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reddog

German government and car makers decide they have the right to update the software in your car

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On the surface not a massively interesting story 'Goverment and Car companies agree to update software in cars to make them more environmentally friendly'

http://www.bbc.com/news/world-europe-40800587

But think about it, by reducing the gases you must be tuning down the performance and efficiency.  So your car is no longer the same as what you decided to buy.  At the bare minimum, surely the drivers should get compo or the right to return their car.

 

But as this seems to have cosely been agreed, could this start happening more regularly with governments assuming the right to change our devices "for the greater benefit"

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I've been feeling particularly smug this year, having sold a 4.2 ltr Landcruiser diesel and bought a hybrid RAV4. I'd be outraged if govt tinkered with the car's software. It's MY car, not theirs. ?

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It doesn't have to be a performance hit though: I thought the approach used by VW to get around this was to simply overdrive the emissions control hardware, which in the case of diesels meant significantly lower EGR valve life.

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26 minutes ago, LandOfConfusion said:

It doesn't have to be a performance hit though: I thought the approach used by VW to get around this was to simply overdrive the emissions control hardware, which in the case of diesels meant significantly lower EGR valve life.

Agreed, but the point is something has to give whether it is performance or wear and tear.

 

The article is written is such a way as to suggest the car makers are doing you a favour by giving the software update for "free", it doesn't point out this could actually cost you money!

 

 

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57 minutes ago, reddog said:

Agreed, but the point is something has to give whether it is performance or wear and tear.

 

The article is written is such a way as to suggest the car makers are doing you a favour by giving the software update for "free", it doesn't point out this could actually cost you money!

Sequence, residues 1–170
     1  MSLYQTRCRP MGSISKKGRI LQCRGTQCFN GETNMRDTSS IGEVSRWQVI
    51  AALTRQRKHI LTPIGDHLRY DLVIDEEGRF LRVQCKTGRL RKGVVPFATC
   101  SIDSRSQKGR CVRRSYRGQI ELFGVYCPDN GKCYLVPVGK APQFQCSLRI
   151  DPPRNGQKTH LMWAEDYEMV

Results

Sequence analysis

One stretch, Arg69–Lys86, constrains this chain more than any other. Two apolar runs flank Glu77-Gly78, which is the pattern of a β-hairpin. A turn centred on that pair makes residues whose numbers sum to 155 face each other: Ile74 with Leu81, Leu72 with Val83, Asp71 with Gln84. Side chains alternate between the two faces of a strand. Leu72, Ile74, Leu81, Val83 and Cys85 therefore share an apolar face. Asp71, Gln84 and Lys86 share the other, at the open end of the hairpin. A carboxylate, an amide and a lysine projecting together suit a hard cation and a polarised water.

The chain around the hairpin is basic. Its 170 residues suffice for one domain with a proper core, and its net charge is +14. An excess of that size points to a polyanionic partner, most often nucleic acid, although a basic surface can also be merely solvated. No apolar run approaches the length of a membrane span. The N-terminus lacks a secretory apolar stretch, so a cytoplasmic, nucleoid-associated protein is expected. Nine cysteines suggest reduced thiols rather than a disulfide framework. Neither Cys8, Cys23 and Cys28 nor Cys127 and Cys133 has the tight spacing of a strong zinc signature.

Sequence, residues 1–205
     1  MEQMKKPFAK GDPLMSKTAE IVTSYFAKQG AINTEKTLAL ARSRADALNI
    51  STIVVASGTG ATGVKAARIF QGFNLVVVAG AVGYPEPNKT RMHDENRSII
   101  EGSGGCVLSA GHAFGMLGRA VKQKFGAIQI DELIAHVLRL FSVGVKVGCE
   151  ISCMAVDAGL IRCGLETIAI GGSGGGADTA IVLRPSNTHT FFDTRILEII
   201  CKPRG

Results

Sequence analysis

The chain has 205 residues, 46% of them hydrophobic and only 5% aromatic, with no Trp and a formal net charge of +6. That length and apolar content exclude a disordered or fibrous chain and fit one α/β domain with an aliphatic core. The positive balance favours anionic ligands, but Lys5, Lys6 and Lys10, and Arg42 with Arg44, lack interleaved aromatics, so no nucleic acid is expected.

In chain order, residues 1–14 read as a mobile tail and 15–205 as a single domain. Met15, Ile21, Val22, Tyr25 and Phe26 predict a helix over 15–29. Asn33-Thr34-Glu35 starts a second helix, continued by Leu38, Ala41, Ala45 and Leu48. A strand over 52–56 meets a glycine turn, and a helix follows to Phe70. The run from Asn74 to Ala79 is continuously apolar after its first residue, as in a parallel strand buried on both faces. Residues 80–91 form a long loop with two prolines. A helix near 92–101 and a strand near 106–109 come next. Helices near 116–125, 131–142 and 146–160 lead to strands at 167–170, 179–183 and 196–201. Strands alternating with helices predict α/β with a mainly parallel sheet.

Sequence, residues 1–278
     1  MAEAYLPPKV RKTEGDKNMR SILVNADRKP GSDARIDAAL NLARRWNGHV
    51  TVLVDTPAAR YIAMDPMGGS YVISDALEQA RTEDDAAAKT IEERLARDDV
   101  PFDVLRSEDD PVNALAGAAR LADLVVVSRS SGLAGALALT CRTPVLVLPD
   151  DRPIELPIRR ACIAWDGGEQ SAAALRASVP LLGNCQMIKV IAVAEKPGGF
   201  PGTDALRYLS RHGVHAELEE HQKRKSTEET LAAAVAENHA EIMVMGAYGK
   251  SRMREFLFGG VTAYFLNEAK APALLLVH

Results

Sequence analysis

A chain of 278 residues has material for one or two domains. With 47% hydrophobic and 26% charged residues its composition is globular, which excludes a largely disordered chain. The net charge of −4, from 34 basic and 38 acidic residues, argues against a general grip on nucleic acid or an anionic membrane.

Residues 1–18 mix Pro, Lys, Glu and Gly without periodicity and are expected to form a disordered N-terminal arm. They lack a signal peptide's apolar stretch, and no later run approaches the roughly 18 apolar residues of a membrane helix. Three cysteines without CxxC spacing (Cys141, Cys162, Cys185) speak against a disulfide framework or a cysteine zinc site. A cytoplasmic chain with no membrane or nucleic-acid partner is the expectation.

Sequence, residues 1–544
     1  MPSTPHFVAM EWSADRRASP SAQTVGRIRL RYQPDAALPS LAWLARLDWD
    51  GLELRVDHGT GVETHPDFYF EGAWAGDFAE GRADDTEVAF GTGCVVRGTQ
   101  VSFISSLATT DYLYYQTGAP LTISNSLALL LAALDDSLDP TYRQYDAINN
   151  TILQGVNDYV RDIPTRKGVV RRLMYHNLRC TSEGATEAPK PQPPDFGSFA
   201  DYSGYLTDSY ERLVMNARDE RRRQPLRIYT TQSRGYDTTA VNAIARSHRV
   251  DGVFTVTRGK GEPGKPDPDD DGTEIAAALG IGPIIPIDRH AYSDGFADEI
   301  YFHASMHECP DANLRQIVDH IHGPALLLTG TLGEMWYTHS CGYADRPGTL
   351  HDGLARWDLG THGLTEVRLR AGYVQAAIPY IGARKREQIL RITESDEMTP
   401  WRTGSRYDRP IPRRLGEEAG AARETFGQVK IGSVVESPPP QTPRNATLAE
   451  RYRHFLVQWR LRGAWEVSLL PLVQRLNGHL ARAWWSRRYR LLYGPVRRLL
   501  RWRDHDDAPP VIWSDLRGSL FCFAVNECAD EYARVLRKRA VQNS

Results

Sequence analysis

Diy service time.

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VW/SEAT are desperate to do the emission "fix" on my car. I've told them to go away but they keep sending official looking recall letters, each one eliciting a short sharp phone call from me. I don't trust them, so my car doesn't go near a main dealer, all servicing is now done by independents for less than half the price of a VW/SEAT dealer.

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FFS it's just a remap.  

Diesel power is a balance between EGR (lowers the combustion temperature, less NOx), boost (amount you can cram in the cylinder) and fuelling (how much soot you are willing to tolerate in the quest for power).

The VW "cheat" is a mild remap.   EGR is pretty much disabled, which is why VW diesels have appeared to be soooo reliable.  Boost up a bit, fuelling normal.   Loads of power, good economy.  When the "fix", they're just setting the parameters to the sort of level that everyone else started with.   You can always remap it again.

Simple example - I bought an Alfa 156 JTD as a project car - 380 quid.    It has proved alarmingly reliable, but with a 2.4 only delivers 140 HP.    A replacement ECU has seen 190 HP.  No smoke, but no EGR and loads of boost.    With water/methanol injection and an intercooler the size of a barn door, it will get to 220HP.    Beyond that it is all injectors and turbos, so gets expensive.